203 1st Ave
(between 13th St & 12th St)
New York, NY 10003
These nights have been cold. Normally on a cold winter night, I’ll crave something hot and hearty. But the heaviness of Thanksgiving dinner (with some leftovers still in the fridge, like J.W.’s shepherd’s pie which I had for lunch two days in a row…) has made me crave hot foods that are light. How many of those can you think of?
Vietnamese food is overall one of the healthier cuisines. It uses more natural herbs for flavoring and tends to use water or broth over oil. Pho is the perfect combination of hot and light. A bowl of pho consists of rice noodles in a beef broth made by simmering beef bones, oxtails, flank steak, charred onion, ginger, and other spices. Compared to other noodle soups, pho is definitely a much lighter option. The rice noodles are almost airy and compensate by being great soup sponges. The soup is flavorful but still clear, allowing you to drink up every last drop without feeling sick (this also depends on how much MSG the restaurant uses). Continue reading
37 W 17th St
(between 5th Ave & 6th Ave)
New York, NY 10011
I’ve been raving about this place for quite some time now and have already gone a bunch of times. For some reason, my photos are never satisfactory when I come. I think this is because we usually decide to go on a whim and I only ever have my iPhone with me. This time, we went with our out-of-town Turkey guests and as proper host, I finally had my camera with me. As background, Basta Pasta is a pasta place (derrrhhh) run by a Japanese owner. The dishes are subtly influenced by Japanese cuisine with a few exceptions that clearly show a cultural marriage, such as the Linguini Ai Ricci Di Mare, which is a linguini tossed with fresh sea urchin and basil in a pink sauce.
The meal always begins with a basket of assorted breads and little toasted slices of bread with a thin layer of gorgonzola spread. Bread is not warm but is pretty satisfactory, with a classic white, a golden raisin, and some other crisper/toasted white. Toasted bread and gorgonzola provides just barely enough flavor to whet the appetite. It’s surprisingly good.
We started with two orders of the Insalata D’ Anatra ($12), a salad of watercress and arugula with cherrywood-smoked sliced duck breast. This is one of my favorite simple salads because a) they give you a TON of duck for a salad; b) the vinaigrette is not too sharply acidic; and c) the arugula and watercress provides the perfect balance of tenderness and crispness. The vinaigrette is a little sweet and coats the smoked duck breast, forming what some would probably call umami. The duck is smoked such that the meat is still incredibly tender. The consistent thin layer of fat adds a bit of creaminess to the whole affair. Continue reading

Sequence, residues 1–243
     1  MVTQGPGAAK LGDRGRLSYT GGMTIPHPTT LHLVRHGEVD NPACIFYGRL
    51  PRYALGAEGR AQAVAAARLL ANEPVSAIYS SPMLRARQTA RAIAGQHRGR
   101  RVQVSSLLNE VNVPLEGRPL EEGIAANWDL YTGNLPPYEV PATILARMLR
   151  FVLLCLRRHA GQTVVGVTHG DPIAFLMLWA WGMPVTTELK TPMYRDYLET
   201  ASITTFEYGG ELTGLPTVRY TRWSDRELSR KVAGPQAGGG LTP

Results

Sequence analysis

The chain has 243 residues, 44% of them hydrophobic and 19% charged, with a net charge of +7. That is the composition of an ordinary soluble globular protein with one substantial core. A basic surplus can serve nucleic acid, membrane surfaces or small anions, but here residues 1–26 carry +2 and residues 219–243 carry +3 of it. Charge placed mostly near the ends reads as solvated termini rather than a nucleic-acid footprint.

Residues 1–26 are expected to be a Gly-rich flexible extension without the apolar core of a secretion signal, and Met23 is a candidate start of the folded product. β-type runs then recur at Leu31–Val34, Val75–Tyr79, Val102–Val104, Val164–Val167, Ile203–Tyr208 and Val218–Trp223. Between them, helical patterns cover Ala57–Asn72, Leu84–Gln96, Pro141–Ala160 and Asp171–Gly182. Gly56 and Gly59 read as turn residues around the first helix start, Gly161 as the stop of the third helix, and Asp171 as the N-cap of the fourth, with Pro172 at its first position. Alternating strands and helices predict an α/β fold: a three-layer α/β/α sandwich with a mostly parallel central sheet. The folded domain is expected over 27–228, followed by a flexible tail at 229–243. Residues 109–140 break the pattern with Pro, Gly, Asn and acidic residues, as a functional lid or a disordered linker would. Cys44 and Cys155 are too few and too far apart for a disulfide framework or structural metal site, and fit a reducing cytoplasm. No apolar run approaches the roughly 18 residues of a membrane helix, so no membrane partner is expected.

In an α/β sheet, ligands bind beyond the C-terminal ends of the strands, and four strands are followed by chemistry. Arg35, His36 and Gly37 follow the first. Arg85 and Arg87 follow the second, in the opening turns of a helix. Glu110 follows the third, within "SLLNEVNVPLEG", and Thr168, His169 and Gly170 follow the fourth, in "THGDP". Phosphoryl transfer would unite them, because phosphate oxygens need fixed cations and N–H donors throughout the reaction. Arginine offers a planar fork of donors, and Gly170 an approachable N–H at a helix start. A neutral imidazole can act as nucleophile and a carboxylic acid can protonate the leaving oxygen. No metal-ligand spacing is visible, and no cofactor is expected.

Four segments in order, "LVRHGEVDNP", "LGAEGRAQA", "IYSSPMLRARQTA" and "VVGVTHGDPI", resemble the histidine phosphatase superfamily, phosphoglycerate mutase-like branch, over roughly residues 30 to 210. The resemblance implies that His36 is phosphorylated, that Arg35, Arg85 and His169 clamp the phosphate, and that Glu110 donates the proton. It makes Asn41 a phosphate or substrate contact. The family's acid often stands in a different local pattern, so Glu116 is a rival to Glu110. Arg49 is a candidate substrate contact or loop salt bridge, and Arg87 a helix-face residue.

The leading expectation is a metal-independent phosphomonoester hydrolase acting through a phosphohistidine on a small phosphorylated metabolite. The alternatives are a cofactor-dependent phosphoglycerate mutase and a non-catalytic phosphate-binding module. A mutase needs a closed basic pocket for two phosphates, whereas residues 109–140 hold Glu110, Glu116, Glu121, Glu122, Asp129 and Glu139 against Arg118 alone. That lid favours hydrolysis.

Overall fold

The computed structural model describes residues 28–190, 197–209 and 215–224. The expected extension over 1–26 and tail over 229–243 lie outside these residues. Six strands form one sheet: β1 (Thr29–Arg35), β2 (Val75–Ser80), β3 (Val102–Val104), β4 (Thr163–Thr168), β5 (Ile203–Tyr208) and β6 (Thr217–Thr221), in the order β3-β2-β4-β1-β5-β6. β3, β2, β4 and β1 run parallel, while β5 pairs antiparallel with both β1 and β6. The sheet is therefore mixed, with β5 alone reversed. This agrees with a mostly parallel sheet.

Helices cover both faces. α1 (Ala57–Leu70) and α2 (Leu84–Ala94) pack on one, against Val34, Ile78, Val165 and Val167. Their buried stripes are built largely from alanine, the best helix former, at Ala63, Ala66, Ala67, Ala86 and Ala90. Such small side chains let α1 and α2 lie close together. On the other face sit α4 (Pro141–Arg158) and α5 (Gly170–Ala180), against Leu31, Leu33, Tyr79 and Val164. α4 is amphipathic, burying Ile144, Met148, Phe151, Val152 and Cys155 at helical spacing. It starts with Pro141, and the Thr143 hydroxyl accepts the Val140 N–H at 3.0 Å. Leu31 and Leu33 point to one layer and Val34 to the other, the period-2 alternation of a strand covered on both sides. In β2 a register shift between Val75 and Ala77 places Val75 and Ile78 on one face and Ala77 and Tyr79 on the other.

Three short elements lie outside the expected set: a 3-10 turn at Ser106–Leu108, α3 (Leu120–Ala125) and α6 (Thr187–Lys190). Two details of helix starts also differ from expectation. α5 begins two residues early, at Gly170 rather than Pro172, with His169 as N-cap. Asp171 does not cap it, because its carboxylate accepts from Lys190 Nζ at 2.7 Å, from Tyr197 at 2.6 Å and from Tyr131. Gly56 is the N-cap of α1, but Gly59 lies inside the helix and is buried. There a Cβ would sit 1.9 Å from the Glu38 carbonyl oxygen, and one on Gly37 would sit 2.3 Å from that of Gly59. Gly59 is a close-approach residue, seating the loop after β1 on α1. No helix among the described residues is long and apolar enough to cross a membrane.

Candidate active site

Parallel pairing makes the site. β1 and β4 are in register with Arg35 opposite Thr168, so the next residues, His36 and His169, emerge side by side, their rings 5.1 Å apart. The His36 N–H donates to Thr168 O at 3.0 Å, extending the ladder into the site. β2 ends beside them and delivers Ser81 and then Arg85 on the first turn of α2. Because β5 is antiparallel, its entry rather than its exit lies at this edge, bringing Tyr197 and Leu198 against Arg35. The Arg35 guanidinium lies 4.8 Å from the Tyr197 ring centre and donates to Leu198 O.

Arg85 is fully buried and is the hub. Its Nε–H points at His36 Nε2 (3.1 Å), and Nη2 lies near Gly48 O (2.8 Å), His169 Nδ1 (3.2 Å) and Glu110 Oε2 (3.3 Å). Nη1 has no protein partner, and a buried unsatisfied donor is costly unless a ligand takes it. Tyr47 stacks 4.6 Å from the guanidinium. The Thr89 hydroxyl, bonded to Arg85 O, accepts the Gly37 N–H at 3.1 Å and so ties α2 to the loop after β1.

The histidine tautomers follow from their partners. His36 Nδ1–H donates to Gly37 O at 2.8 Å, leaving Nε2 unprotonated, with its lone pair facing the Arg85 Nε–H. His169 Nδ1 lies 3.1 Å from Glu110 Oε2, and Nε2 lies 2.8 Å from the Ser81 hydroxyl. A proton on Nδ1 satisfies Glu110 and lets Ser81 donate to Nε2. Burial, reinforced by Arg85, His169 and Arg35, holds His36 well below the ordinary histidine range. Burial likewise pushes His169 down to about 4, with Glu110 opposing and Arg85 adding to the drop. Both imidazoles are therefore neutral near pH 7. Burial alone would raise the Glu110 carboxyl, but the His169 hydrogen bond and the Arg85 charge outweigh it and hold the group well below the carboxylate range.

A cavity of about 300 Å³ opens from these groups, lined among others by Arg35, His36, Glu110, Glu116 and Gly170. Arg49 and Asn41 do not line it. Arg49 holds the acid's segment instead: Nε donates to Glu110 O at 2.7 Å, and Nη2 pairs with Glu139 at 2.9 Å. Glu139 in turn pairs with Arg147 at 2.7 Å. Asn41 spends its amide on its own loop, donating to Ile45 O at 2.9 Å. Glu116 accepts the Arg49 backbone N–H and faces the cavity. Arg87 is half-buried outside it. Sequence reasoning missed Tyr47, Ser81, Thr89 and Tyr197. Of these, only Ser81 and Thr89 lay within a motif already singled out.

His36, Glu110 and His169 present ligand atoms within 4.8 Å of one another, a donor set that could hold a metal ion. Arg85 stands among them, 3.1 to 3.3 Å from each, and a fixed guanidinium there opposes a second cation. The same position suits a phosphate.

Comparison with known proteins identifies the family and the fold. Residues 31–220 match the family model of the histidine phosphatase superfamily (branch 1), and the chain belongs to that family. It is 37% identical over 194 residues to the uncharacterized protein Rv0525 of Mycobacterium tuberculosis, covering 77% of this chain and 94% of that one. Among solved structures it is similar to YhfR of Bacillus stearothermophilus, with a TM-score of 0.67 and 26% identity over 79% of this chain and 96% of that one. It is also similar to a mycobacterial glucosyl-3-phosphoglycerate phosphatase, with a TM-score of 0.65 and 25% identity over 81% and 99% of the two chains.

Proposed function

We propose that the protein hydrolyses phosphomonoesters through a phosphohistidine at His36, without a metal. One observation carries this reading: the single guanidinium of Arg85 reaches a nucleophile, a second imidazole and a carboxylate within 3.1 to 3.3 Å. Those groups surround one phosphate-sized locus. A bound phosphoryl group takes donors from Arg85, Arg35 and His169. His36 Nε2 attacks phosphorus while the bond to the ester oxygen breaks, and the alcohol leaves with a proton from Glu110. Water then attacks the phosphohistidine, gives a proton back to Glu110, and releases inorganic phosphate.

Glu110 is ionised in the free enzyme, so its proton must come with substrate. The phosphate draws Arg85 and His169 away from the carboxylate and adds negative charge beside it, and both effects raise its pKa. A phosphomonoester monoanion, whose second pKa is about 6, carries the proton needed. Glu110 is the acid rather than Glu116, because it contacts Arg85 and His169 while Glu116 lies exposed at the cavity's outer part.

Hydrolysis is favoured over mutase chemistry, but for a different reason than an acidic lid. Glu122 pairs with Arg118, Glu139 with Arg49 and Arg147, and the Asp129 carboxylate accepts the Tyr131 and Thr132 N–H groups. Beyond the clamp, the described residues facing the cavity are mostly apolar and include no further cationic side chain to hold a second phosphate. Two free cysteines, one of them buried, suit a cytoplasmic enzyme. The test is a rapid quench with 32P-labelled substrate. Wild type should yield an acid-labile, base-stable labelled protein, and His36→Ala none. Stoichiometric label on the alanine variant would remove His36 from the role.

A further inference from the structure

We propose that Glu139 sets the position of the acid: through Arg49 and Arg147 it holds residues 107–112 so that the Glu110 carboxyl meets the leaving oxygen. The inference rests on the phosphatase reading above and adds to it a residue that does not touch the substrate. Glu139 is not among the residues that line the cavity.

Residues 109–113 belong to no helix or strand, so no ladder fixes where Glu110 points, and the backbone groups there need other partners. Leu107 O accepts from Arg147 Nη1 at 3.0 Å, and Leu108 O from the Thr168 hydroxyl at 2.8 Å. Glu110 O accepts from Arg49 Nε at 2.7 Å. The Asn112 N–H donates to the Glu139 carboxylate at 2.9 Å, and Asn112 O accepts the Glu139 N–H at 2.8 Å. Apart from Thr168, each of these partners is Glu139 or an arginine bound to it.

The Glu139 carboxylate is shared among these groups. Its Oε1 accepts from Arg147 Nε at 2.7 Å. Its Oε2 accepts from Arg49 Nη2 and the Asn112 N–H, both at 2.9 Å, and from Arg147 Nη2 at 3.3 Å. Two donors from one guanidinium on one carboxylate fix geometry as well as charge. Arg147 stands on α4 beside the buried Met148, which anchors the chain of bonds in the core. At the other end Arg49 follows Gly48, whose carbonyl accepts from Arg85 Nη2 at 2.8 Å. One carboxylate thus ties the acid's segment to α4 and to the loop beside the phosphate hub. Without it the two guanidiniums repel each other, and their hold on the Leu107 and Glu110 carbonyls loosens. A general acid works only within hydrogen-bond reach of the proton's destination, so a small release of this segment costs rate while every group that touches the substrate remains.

On our last day in Paris, before our afternoon flight, we got up early and checked out the Marche d’Aligre, one of the more traditional and popular outdoor markets in Paris. Imagine walking through tight rows of vendors yelling a slur of French words at you that have something to do with the beautiful fresh fruits and vegetables that they are selling. Bunches of bulbous grapes ranging from soft yellow to deep purple, bright red tomatoes bursting with juice, creamy avocados cut open with slices to sample… god it’s beautiful. Unlike the farmers’ markets in NYC, the produce at this marche were just glowing with freshness. I felt like I could taste the tomatoes by just looking at them. The lively environment with local frenchies hustling and bustling about for their week’s groceries also added to the fun. After we wandered around and didn’t buy anything (I so wish we had come on day 1… I would’ve gotten so many fruits), we hopped on over to a cafe for lunch. I can’t remember the name of the cafe but I’m sure I have it written down somewhere and will update when I find out.
I had the Croque-Madame, which is simply a croque-monsieur (grilled toast with ham and cheese) with an egg on top. Though it looked very pretty, the toast was a bit overtoasted and so lost the soft chewy center of great bread. The whole thing just tasted like crust. Ham was very mediocre quality (like packaged sandwich ham), unlike most of the amazing cured jambon’s we had at other places. Sorry to ruin the photo for you guys. Continue reading
I know. I’ve been terrible. I’ve had a crazy month filled with lots of work, lots of studying, and lots of writing (clearly not about food). Somewhere in the midst of all that, I was able to squeeze in a one week trip to Paris with LAW. But now I’m back, and determined to get back on schedule. I’ve been in the city for over a week now and the one thing I miss from Paris the most is their baguettes. We had a full baguette for breakfast every morning, along with a croissant and a pain au chocolat. Every. Single. Morning. I learned that not every boulangerie has amazing pastries. You have to go to the ones that are packed in the morning and where the bread is constantly coming out of the oven. If you’re lucky, you’ll get a crusty, warm, springy baguette… I distinctly remember my first great baguette in Paris. We were walking along next to the Montparnasse cemetery and I took a bite out of a piping hot baguette we had just gotten off of Rue Daguerre.The crust made that amazing crackle sound every bite I took. Delicious.
In addition to baguettes, we had a lot of sandwiches. Continue reading